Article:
on account of the riches of his art," and in further consideration of
his promise to make no absence from Basel more prolonged than should be
really necessary to carry his foreign commissions to their destination
and receive his pay for them--to give him an annuity of fifty guldens,
equally whether Holbein should be ill or well, but only during his own
life. In addition to this, they granted him permission to make short
visits to specified art-centres, of which Milan was one, "once, twice,
or thrice, every year." And recognising the impossibility of his freeing
himself from his English engagements in less than two years, they also
granted him this interval before he need resume his residence at Basel;
and engaged to pay forty guldens yearly to his wife, on his behalf, for
each of these two years.

There is every probability that Holbein himself took a goodly sum to
Basel to invest for his family's permanent benefit in one way and
another. For it could only have been as a part of this gleaning for
them that he drew--as the Account Books show that he did just at this
juncture--a whole year's salary in advance from the Royal Exchequer;
seeing that the same books prove that he was liberally paid for all his
own expenses on the King's service, in addition to his regular salary.

Part of the sum he collected to take with him was doubtless used to
apprentice his son Philip, now sixteen, to the goldsmith's trade. And
that the father chose Paris for this purpose, where he left Philip on
his return journey, might well be due either to his own estimation
of Jerome David, to whom Philip was indentured, or to the fact that
Benvenuto Cellini's presence at Paris afforded some advantage; or that
his own promised return to Basel would make it preferable to have the
lad on the same side of the Channel as all his family. And that Holbein
fully intended to make the necessary and obvious sacrifice involved in
exchanging London for Basel is also proved by a contemporary account.
"His intention was," says his fellow-townsman, "had God lengthened his
life, to paint many of his pictures again at his own expense, as well as
the hall in the Rathaus. The paintings on the _Haus zum Tanz_ he
pronounced 'pretty good.'" But it was not to be.

His New Year's offering to the King on the opening of 1539 was a
portrait, probably the oil painting in the Hague Gallery, of the infant
Prince of Wales. It was a spirited picture of the royal baby with his
gold rattle in his chubby little fist, such as might have delighted a
father less doting than Henry VIII., whose return gift is recorded: "To
Hans Holbyne, paynter, a gilte cruse with a cover, weighing x oz. 1
quarter." The cruse was made by a friend of the painter; that Cornelius
Hayes, goldsmith, whom Bourbon's letter mentioned in connection with him
in 1536.

All these months the negotiations for the hand of the Duchess of Milan
had fluctuated with the varying fortunes of the King's relations with
her uncle, Charles V. But at last they had altogether collapsed with
what seemed to Henry VIII. the threatening attitude assumed by the
Emperor and the Pope. Hereupon followed that historical chapter, so full
of fatal consequences to Cromwell, and no less big with shame for the
King's own story: the pitiful chapter of Anne of Cleves.

Her brother, the Duke of Cleves, was at this time a troublesome foe to
the Emperor; while the fact that she was a Protestant was a "Roland"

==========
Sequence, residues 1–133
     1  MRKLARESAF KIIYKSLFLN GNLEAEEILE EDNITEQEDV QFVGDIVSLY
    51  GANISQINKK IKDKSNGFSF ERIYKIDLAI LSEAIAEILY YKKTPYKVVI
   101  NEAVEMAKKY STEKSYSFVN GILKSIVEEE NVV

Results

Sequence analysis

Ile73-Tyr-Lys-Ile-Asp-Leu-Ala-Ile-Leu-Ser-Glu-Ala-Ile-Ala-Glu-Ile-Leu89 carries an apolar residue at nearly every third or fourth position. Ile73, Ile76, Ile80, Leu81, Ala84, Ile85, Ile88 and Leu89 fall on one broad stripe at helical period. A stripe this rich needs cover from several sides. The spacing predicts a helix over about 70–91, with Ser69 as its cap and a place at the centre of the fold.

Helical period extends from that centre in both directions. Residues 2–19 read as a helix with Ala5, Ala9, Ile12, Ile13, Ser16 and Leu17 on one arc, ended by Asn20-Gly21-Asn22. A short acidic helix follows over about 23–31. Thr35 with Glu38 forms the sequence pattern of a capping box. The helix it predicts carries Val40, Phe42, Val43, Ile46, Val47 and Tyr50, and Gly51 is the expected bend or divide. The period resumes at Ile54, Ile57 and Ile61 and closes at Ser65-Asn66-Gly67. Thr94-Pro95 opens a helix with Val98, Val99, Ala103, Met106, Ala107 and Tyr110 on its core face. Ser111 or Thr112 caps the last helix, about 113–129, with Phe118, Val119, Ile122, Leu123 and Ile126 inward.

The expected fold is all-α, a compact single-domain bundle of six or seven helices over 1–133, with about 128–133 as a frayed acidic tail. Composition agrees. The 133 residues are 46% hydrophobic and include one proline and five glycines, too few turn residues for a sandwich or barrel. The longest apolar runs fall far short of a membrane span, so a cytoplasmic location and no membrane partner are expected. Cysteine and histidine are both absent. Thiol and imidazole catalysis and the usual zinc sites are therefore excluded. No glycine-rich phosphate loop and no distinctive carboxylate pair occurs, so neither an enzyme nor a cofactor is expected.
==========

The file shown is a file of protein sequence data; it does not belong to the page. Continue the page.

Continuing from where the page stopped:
for the Imperial and Papal "Oliver." So Holbein was again posted off to
bring back a counterfeit of Anne, and to carry to her a miniature of the
King. And by the 1st September he had acquitted himself of the new
mission.

There is not an iota of historical or other evidence for that "Flanders
mare" anecdote, which seems to have had a gratuitous as well as
spontaneous origin in Bishop Burnet's seventeenth-century brain, to the
effect that the King was the victim of a flattering portrait by Holbein,
and cruelly undeceived by the actual looks of his bride. In the first
place his agents wrote to him frankly that the Princess was of no great
beauty, though not uncomely, and "never from the ellebowe of the Ladye
Duchesse her Mother," who was said to be most unwilling to part with her
(as a mother might well be, for the husband in question). The King was
also told that she was quite unskilled in languages or music, and
held, with her mother, that it was "for a rebuke and an occasion of
lightenesse that great Ladyes shuld be lernyd or have enye knowledge of
musike." And in the next place even a superficial knowledge of Holbein
would disprove any tradition of "flattery" from his unflinching, almost
brutally truthful brush. It was hardly likely that the painter who would
not stoop to flatter Bishop Stokesley, or Henry VIII. himself, would be
swerved from his good faith by Anne of Cleves.

  Illustration: PLATE 35
  ANNE OF CLEVES
 _Oils. The Louvre_

On the contrary, the painting, in oils on vellum and mounted on a panel,
now in the Louvre (Plate 35), is the very embodiment of contemporary
accounts of this Princess. Her fair-skinned, commonplace, yet "not
uncomely" face looks out placidly at you from the quaint Flemish
head-dress of fine gauze and jewelled cloth-of-gold. Her inert hands
(Holbein's hands belong to his truth-telling revelations), jewelled
even on the thumb, are listlessly clasped upon each other; her
crimson-velvet dress is heavily banded with gold and pearl embroidery.

No Venus certainly, and perhaps somewhat heavily handicapped by the
maternal "elbowe." But still perfectly in keeping with her descriptions
and making no denial to the French Ambassador's statement that she was